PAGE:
Low-bleed inks are formulated to prevent dye migration. They’re not, however, designed to prevent dye sublimation. No ink can stop dye from sublimating when it’s exposed to excessive temperatures. Low-bleed inks contain chemical-blocking agents that work on the dye to stop migration, but some dye migration may still occur when there’s more sublimated dye than the ink can handle.

Controlling platen temperature
Heat is the top consideration in preventing dye sublimation and migration. That means that you must control your flash temperature and time. Remember that more heat is needed to flash an ink layer when the press is cold. However, the ink film will gel much faster once the platens heat up. Warm platens pre-warm the fabric and ink before the platen even has a chance to swing under the flash-cure unit, thereby reducing the flash time required. Conversely, when the platen is still cool, it absorbs a large portion of the flash energy, necessitating longer dwell times.

You can control the heat delivered by your flash unit in a couple of different ways. If the unit supports temperature adjustment, you can turn it down as the press platens heat up. Or, you can speed up production once the platen is warm, exposing each platen to a shorter period beneath the flash unit. A less practical option is to increase the distance between the flash unit and platens. This will reduce the heat to which your platens and prints are exposed, but it also tends to slow production significantly.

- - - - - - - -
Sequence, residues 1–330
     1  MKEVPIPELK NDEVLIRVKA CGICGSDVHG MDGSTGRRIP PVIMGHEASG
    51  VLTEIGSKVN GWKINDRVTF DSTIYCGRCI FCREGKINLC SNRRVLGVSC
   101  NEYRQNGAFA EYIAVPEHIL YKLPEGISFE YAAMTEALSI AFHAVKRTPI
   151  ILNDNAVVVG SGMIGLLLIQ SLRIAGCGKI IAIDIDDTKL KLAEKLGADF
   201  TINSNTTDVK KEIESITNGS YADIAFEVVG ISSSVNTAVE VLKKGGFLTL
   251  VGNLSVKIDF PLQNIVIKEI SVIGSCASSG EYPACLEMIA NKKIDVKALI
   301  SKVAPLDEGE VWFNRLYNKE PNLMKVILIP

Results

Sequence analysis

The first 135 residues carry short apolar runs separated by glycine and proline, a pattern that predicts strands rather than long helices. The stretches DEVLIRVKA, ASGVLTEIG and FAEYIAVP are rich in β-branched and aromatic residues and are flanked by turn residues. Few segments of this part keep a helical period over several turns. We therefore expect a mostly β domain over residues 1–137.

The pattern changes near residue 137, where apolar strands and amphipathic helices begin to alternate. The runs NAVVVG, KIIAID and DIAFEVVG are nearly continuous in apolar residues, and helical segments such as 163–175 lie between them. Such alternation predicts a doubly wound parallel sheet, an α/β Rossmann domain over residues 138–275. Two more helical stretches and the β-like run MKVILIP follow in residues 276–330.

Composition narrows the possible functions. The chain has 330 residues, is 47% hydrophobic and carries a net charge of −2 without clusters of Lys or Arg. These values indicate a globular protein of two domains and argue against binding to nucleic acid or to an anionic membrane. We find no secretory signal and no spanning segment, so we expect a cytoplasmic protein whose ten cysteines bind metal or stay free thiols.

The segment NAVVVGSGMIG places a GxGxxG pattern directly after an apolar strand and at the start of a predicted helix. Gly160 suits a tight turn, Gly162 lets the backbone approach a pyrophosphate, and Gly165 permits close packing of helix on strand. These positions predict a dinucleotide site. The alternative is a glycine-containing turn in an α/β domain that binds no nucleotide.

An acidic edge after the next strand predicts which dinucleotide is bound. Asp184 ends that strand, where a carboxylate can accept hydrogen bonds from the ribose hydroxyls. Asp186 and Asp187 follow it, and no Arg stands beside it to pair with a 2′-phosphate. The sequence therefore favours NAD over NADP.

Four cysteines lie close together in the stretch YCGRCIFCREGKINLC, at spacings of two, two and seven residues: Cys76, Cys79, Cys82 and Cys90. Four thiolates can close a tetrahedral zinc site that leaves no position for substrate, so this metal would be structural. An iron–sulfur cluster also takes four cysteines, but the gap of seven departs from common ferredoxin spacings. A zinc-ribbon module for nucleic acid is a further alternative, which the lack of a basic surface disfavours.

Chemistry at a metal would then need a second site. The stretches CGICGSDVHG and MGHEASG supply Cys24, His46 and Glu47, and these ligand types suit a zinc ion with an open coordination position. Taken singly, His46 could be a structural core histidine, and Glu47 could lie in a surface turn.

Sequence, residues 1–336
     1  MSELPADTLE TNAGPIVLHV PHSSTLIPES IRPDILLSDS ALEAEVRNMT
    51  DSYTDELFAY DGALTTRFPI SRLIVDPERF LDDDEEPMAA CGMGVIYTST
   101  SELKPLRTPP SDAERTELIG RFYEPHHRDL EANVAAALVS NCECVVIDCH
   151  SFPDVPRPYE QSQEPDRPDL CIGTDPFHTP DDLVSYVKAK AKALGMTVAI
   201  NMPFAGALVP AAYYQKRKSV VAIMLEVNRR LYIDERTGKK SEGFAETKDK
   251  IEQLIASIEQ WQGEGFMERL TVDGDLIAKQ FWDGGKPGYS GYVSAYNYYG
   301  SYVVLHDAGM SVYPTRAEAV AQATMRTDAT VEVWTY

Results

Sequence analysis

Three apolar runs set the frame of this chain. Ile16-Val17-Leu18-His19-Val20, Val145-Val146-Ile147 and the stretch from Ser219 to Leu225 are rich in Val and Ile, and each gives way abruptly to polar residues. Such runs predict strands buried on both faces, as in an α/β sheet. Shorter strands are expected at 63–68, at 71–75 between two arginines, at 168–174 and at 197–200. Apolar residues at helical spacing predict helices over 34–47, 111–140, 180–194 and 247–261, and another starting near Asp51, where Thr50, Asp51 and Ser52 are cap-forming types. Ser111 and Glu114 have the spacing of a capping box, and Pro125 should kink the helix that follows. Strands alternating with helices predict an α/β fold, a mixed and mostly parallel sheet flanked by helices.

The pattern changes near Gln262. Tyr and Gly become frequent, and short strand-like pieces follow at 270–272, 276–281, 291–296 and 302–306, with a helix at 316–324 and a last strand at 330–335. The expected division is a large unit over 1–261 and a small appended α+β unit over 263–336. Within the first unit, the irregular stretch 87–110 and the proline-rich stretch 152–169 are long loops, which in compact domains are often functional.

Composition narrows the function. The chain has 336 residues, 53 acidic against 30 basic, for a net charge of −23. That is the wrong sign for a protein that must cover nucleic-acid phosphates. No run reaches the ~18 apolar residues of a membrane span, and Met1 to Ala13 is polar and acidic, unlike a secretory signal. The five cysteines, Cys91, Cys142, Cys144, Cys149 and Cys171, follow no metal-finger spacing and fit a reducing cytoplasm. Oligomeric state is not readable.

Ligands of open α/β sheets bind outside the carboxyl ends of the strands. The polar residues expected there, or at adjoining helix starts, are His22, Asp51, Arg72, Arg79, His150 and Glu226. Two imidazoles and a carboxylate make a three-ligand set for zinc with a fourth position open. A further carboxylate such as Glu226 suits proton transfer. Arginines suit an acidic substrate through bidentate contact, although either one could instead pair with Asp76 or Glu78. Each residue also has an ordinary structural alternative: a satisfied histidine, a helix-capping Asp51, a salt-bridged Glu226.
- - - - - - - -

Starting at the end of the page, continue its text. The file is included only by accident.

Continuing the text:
Testing fabric
If you’re uncertain about the quality of the fabric you plan to decorate, perform a simple test that involves wrapping a clean piece of white fabric around your finger, rubbing the piece of white fabric two or three times across the same area of the test fabric, and checking for excess dye that is not bound to the polyester. Repeat the test, but use a wet piece of white fabric. If you see a significant amount of color transfer with either test, you should consider rejecting the garment.

If you see very faint coloration from either test, the fabric is probably fine to decorate, but you should still print a test garment and place it in a warm area for at least 24 hours. If you see no dye migration after the test period, you shouldn’t encounter any issues when printing the full job run.

KEYS TO CONTROLLING DYE MIGRATION

Minimize ink deposit to decrease flashing/curing time
• Use high screen tension
• Use higher mesh counts
• Use lower off-contact
• Use sharper squeegees

Minimize fabric exposure to heat
• Reduce flash temperature as press platens warm up (platens should not become too hot to touch)
• Adjust press speed to provide shortest possible dwell time under flash units
• Use flash timers in manual operations to prevent prolonged exposure to high temperatures
• Measure and adjust dryer temperature and belt speed to safest production levels

Maximize staff training
• Staff must understand how dye sublimation/migration occurs
• Staff must understand the influence of flash curing and press and dryer settings on dye sublimation/migration
• Staff must test bleeding potential of new or unfamiliar garments